FROM JULY 1, farmers will pay a flat 12 per cent goods and services tax (GST) on fertilisers, as against current levies ranging from 1.03 per cent to 7.03 per cent depending on various states.
But the big question that people in the industry are asking is this: How will the higher duty be recovered from farmers for an estimated 65 lakh tonnes (lt) of bagged fertiliser material worth around Rs 9,500 crore, on which the existing maximum retail price (MRP) has already been printed?
July is the peak month for fertiliser sales, with the south-west monsoon covering the country, and kharif planting in full swing — July, August and September together register 115-120 lt of sales.
“So, you have a situation where more than half the material to be sold in the main kharif season would comprise bags with MRPs not incorporating the new GST rate. There is no provision at present to pass on the additional tax incidence by charging a higher MRP on the already bagged stocks lying in the godowns of manufacturers and importers, or with wholesalers and retailers. And, farmers are obviously not going to pay anything more than the MRPs marked on the bags,” said industry sources.
Sources cited the example of neem-coated urea, for which the current MRP, exclusive of taxes, is Rs 5,628 a tonne or Rs 281.40 per 50-kg bag. Currently, fertilisers attract a central excise duty of 1.03 per cent, and Value Added Tax (VAT) plus local levies varying from zero in Punjab, Haryana, Tamil Nadu and Kerala to 5-6 per cent in other states.
With GST, all these imposts would be subsumed within a single 12 per cent rate. The effective duty increase recoverable through a higher MRP would, then, be between 5 per cent and 11 per cent. Farmers in Punjab, Haryana and Tamil Nadu will end up paying nearly Rs 31 more for every urea bag, while this would be about Rs 17 in most other states.
“How do you make farmers pay more than the MRPs declared on bags? We will not do it; how can we expect the farmer to?” sources said.
The Legal Metrology (Packaged Commodities) Rules, framed by the Department of Consumer Affairs, allow the affixing of individual stickers on packages for altering price declarations, but extend only to reduction and not increase in MRPs.
Even in cases where MRPs can be revised upwards to the extent of an increase or imposition of a new tax — subject to communication through advertisements in one or more newspapers and notices to dealers and departments concerned — they apply only to commodities that were “pre-packed in the month in which such tax has been revised or fresh tax has been imposed or in the month immediately following the month aforesaid”.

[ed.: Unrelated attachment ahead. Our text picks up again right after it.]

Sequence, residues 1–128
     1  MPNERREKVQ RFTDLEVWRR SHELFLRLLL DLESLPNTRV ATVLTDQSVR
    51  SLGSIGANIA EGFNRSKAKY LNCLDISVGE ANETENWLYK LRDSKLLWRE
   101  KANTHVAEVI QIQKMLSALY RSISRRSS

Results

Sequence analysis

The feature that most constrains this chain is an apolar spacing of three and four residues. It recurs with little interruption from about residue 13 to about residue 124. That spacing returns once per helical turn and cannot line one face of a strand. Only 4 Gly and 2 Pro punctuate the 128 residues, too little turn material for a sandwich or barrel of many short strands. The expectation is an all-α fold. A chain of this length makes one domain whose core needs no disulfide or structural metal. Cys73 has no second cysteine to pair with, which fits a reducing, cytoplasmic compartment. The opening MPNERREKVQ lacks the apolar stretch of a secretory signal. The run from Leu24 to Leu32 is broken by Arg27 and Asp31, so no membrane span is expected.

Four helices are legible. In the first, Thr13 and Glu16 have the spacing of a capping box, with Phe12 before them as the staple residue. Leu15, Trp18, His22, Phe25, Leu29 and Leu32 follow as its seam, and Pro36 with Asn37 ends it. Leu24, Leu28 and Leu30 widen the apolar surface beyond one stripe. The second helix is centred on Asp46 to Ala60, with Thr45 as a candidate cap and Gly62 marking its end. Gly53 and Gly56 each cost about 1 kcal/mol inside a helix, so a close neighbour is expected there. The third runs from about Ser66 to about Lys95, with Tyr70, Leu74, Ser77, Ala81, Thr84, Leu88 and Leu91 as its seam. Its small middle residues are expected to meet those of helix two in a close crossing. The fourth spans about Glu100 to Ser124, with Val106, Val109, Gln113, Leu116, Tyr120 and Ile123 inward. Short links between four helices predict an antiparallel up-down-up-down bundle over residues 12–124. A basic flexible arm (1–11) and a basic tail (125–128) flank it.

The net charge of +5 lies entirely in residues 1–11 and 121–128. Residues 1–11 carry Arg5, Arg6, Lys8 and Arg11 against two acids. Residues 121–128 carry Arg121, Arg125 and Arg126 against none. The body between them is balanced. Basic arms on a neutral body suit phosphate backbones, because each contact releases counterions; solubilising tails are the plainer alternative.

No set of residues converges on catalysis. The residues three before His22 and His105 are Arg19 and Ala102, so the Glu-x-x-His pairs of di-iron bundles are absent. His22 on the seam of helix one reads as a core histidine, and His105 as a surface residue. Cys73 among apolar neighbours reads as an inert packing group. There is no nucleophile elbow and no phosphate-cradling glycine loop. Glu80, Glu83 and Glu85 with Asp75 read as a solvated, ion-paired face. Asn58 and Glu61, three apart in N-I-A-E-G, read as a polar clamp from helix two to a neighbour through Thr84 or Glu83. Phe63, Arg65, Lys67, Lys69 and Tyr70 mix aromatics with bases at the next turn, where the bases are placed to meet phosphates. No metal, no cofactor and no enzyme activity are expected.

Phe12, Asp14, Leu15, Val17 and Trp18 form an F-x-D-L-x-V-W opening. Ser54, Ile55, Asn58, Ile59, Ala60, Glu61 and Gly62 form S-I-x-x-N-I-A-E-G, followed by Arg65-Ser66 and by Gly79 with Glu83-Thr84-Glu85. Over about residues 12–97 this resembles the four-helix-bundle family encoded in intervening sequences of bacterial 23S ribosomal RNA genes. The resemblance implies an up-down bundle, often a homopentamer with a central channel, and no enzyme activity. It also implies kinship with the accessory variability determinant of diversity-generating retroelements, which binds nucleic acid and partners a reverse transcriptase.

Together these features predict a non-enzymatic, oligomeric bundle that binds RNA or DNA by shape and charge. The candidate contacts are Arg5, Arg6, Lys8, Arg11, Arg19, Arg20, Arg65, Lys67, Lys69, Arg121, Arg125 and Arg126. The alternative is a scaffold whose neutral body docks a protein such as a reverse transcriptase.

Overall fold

Simply put, the existing rules would permit MRP increases only for fertilisers packed in July and August after necessary advertisements. But they do not allow for changes in MRPs of material packed before July 1 and lying as stock with manufacturers (after clearing the factory), importers, dealers and retailers.
These stocks — estimated at 25 lt of di-ammonium phosphate, 15 lt each of urea and NPK complex fertilisers, and five lt each of muriate of potash and single super phosphate — can only be sold at the old MRPs.
“This could cause confusion, as you will have the same fertiliser selling at different MRPs depending on whether it is old stock or from production after July 1. Also, there may be disruption to sales because neither manufacturers and importers nor the trade can absorb the burden of increased tax incidence. The only solution is to amend the Legal Metrology Rules to specifically allow sale of fertiliser stock lying with manufacturers, importers and the trade as on June 30 at a price higher than the MRP to the extent of the extra duty payable due to GST,” said industry sources.
The fertiliser industry’s case is seen as unique because the duty incidence on its products would go up post-GST; this is not so in most other industries. “Also, we produce round the year, whereas our sales are concentrated over six months. That makes our stock problem different,” said sources.